Certain cards will also lead to new “locations”, which leads to new arrangements of cards that need to be explored independently; a good example comes early in the game, where Rance learns that there’s a gang of thieves hanging out nearby. By landing on a “Cave” card, Rance can enter the thieves lair; the time of day when he arrives determines if he needs to survive a tough combat encounter first, or if he can just sneak in. Regardless, so long as he’s successful, he’s then into a whole new “dungeon” with a new arrangement of cards to explore.

It’s simple and abstract, but very effective, and after some time you start to get a real feel for the “geography” of each area, which in turn lets you plan out your expeditions a bit better according to whether you’re heading out to grind or with a specific objective in mind.

Rance 01: Quest for Hikari

Combat also ties in with the gambling aesthetic established by the cards, the green baize backdrop and the roulette wheel-style clock. Rance fights alone, since Sill is off carrying out her own investigation at the academy, and his available abilities are represented as poker chips. Some of these, like weapons, can be repeatedly re-used — and, moreover, multiple can be used in a single turn — while others are single-use consumables. Likewise, some chips have a cooldown before they can be used again, while others can be used every turn without penalty.

With this in mind, you’ll need to carefully build Rance’s “deck” of chips in such a way that he can both deal significant damage to enemies and keep himself safe. This provides plenty of interesting strategic decisions, because Rance only has a limited number of slots to carry chips with him. This limit expands as Rance levels up — and temporarily unneeded chips can be stored in the closet back at Rance’s inn room — but certainly early in the game you’ll need to take care to have an efficient deck that doesn’t leave you too vulnerable.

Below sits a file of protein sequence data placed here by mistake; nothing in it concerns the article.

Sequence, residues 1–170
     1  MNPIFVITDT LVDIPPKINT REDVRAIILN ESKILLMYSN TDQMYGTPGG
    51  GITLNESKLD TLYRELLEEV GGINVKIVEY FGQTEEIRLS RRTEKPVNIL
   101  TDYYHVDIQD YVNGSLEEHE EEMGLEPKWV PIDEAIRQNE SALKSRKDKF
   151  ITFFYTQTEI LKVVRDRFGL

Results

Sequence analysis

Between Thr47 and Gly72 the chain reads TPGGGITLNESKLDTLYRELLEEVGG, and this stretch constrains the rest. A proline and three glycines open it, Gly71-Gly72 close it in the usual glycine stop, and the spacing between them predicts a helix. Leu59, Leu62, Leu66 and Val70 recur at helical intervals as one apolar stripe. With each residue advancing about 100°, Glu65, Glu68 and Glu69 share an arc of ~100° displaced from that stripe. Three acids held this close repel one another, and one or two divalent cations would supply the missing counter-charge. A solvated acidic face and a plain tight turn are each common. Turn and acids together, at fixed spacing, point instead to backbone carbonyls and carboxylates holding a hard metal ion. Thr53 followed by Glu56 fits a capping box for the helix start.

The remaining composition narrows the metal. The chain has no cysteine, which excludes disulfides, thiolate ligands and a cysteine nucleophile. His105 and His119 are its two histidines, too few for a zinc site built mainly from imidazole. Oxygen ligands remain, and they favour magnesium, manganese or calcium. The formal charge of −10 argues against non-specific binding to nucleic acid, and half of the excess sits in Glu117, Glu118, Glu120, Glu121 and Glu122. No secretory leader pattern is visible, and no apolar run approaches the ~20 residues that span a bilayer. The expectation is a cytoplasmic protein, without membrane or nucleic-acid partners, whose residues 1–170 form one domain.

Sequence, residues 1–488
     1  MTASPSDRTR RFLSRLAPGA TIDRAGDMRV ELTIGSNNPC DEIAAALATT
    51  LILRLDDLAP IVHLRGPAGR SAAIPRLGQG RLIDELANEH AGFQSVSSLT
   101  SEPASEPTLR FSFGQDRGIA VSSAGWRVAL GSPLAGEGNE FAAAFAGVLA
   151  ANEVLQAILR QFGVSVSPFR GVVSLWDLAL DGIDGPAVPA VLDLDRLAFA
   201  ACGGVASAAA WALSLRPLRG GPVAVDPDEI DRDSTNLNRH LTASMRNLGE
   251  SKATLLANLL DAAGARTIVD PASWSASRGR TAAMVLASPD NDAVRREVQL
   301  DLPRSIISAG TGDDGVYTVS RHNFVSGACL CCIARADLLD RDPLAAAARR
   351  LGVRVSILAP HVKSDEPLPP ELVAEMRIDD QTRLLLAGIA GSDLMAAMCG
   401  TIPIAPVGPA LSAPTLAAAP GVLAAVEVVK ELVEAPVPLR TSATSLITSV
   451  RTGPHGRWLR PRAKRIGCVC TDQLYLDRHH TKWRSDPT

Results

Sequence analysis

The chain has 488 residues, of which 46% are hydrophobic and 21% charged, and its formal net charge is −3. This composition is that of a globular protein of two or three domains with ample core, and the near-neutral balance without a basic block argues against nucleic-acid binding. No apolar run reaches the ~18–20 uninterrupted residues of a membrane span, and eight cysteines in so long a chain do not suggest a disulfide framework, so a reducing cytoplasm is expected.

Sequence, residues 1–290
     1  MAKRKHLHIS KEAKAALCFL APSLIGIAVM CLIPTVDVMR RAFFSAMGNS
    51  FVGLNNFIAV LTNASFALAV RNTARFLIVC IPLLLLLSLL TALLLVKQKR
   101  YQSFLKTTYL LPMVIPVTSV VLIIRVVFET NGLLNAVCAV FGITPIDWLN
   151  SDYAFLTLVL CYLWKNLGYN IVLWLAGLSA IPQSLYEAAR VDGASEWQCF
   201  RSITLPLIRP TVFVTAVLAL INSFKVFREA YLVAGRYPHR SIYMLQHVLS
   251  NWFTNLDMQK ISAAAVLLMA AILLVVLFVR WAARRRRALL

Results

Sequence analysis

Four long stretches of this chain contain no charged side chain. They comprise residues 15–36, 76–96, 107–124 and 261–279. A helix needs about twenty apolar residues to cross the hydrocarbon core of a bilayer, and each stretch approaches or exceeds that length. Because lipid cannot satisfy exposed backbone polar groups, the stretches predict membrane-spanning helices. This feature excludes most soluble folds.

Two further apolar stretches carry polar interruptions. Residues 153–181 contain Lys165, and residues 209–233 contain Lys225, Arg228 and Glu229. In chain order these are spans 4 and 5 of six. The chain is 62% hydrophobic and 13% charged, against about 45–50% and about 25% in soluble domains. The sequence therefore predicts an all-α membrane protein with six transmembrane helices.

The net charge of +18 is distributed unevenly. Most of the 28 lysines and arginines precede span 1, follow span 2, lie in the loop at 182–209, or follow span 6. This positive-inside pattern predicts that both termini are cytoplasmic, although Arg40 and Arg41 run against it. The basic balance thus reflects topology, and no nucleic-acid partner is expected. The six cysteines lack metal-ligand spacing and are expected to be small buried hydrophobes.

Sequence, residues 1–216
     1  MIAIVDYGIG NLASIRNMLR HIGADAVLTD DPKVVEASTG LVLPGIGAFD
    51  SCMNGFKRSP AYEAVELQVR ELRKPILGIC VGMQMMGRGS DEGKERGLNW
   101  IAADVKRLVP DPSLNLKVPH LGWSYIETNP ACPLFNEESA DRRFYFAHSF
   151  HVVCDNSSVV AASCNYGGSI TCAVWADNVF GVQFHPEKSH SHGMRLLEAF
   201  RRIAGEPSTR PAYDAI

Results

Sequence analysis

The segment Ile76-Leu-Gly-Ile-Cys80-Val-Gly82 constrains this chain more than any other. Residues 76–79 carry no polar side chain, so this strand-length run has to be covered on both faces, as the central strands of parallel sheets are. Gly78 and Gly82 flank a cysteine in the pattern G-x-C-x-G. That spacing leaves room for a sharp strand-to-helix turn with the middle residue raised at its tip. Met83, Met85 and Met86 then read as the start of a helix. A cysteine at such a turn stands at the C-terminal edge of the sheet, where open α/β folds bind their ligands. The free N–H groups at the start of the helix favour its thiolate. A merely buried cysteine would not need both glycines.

Because yes, Rance 01 is not afraid to kill you off — though thankfully a fairly generous autosave system does mean that you’ll rarely lose a lot of progress if you do happen to bite the big one. You’ll find quite early on that you’ll need to find a reliable means of beefing Rance up a bit before taking on more significant challenges; this doesn’t just mean grinding for money and experience, but also figuring out a good combination of items to carry with you and arming yourself accordingly.

Rance 01: Quest for Hikari

There are plenty of options to choose from, and none of the shops in the game are simple, boring interfaces, either; each is staffed by a distinctive character with their own story to tell and their own lineup of items that expands and changes as you progress through the game. A particular highlight is the robotic AI girl whose speech is constantly punctuated with keyphrases from PC-88 BASIC — an homage to the series’ roots on that platform.

Like other games in the series, levelling up is a manual process that requires Rance to visit a “Level Shop” and perform a ritual in order to get stronger. Recurring character Willis is introduced here, and she’s good enough to flag you down in town if you have enough experience to level up but you haven’t paid her a visit yet. Levelling up mainly increases Rance’s HP, but also occasionally increases his Luck stat and ability to carry more chips. At various level milestones, he’ll also acquire special coins that he must take to a statue out in the wild in order to acquire helpful passive abilities.

Rance 01 is a relatively short game compared to later games in the series, but that’s in keeping with the relatively small-scale nature of the story it has to tell. One of the particularly appealing things about the series in its entirety is how it develops in scale and scope over time — both in terms of what you, as the player, get to experience, and what Rance is actually getting up to as part of the narrative.

Rance 01: Quest for Hikari

So that’s a first look at the Rance 01 experience; we’ll return to this soon to take a closer look at various aspects of the game and its narrative, and how it all fits into the context of Rance as a whole. And from there, we’ll continue to explore the rest of the series — though with Rance 03 having only just been announced for localisation (and Rance IV not having had a remake yet), we may end up having to jump around a bit!

With that in mind then, I’m off for some more adventure. Toooohhhh!!

Rance 01 is available in a double pack with Rance 02 from MangaGamer in both digital and physical format.

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Pete Davison